As promised, the second half of the glorious session (inventive yet very free-minded) that was Bent Persson’s tribute to Henry “Red” Allen’s early recordings — captured at the 2010 Whitley Bay International Jazz Festival, in a downstairs room that was part of the hotel’s health club. Healthy music, though — seriously aerobic for players and audience!
The players were Bent and Michel Bastide, trumpets; Paul Munnery (standing in for Red’s pal, J.C. Higginbotham), trombone, Robert Fowler and Jean-Francois Bonnel, reeds, Jeff Barnhart, piano and vocals; Jacob Ullberger, guitar and banjo; Henri Lamaire, bass; Josh Duffee, drums.
The second half began with one of the atypical small-group recordings with men from the Luis Russell band, issued under the euphonious title J.C. HIGGINBOTHAM AND HIS SIX HICKS — playing a serious blues, HIGGINBOTHAM BLUES:
Then, moving forward to one of the Russell recordings less celebrated than their characteristic rompers — a sweet ballad, HONEY, THAT REMINDS ME (originally recorded in 1931 with a lovely, earnest Vic Dickenson vocal — here reimagined by Jeff Barnhart):
Bent scaled down to a rocking small group to give his own version of the incendiary Rhythmakers records (the originals were Philip Larkin’s favorites):
WHO’S SORRY NOW? had a Barnhart vocal (instead of Billy Banks’ warbling):
I WOULD DO MOST ANYTHING FOR YOU (which became Claude Hopkins’ theme):
YES, SUH! (a piece of spirited hot vaudeville):
In 1933, Allen and Coleman Hawkins — comrades from the Fletcher Henderson band — teamed up for a series of recordings aimed at the jukebox market. Some of the songs they recorded were charmingly ephemeral, among them MY GALVESTON GAL, HUSH MY MOUTH (If I Ain’t Goin’ South). Bent chose to revisit three classic recordings:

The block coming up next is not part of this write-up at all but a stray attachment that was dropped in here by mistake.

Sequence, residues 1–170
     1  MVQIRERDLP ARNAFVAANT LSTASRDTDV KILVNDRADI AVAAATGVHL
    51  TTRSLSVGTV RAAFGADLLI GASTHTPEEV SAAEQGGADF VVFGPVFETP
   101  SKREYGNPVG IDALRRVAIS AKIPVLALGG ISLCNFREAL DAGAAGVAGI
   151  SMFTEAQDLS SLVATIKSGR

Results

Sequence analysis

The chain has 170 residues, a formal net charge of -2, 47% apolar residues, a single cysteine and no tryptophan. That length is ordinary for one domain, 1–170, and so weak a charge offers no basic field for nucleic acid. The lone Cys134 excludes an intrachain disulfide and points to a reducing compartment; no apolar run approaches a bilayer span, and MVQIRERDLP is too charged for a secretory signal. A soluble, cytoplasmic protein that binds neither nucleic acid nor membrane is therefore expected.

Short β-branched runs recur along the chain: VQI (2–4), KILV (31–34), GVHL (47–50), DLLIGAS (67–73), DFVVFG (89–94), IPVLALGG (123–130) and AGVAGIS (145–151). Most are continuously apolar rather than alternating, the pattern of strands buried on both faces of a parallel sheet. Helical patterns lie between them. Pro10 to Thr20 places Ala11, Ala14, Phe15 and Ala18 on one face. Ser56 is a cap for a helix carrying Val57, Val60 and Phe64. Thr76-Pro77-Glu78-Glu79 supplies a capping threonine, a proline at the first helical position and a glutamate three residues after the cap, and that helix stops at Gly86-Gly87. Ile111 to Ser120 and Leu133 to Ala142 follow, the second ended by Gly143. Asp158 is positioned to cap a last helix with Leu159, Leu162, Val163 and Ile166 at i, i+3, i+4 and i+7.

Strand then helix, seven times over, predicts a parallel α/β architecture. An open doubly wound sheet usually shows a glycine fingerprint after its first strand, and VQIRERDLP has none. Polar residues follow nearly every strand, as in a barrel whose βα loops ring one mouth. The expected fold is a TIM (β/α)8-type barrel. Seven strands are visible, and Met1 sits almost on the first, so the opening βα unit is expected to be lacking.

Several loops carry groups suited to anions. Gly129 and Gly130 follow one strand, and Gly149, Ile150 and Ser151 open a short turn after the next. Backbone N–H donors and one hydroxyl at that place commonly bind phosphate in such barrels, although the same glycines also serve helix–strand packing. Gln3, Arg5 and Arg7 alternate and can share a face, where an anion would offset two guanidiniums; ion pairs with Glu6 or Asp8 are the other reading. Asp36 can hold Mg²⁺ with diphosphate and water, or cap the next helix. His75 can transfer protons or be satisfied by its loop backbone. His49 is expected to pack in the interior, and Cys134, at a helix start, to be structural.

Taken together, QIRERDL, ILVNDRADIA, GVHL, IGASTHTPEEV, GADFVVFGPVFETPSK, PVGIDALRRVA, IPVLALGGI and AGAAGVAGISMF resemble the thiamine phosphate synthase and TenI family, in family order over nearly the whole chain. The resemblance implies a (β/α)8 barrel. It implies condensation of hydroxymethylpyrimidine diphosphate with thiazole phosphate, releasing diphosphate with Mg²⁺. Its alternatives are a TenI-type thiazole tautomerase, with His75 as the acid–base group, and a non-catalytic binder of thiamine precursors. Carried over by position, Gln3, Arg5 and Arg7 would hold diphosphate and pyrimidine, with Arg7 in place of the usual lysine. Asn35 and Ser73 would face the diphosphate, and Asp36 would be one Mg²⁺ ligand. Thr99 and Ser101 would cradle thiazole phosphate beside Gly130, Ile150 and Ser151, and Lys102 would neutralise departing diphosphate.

SISTER KATE (an old-time tune in 1933):
HEARTBREAK BLUES (where one can hear the cross-fertilization of influence between Hawkins and Bing Crosby):
The program ended with the moody THERE’S A HOUSE IN HARLEM FOR SALE — a somber conclusion to an uplifting program of hot music:
You’ll notice that although the players reflect back on the original recordings and the fabled players, there is very little direct imitation of Red, Hawk, Higgy, Pee Wee, Dicky Wells, etc. — the way it’s supposed to be. Bravo, Bent!
Readers who want to hear Robert Fowler in a brawnier, more mainstream setting should get his 6tet CD Tight Lines (Diving Duck 002, ’04) & his 2-tenor Al & Zoot tribute Brandy & Beer (33 Jazz 192, ’09) with Karen Sharp, his colleague from the Humphrey Lyttelton band.
Thank you, John — I hadn’t made the connection even though I have video-recorded Karen Sharp in London myself. But I thought Bent’s band was sufficiently “brawny” myself!
Super thanks for this! Great band, great music. I only wish I was there myself. But this is the next best thing. Great filming! the quality of the clips are all superb!
Thank you, Andreas, for your praise — and (the words everyone loves to hear) you were right about YouTube — as soon as I got home to New York, the clips downloaded quickly! More to come, although I too think this session was a highlight of the Festival. Cheers, Michael
Thanks for posting these, Michael – I missed this set because I had to leave to play with my own band upstairs!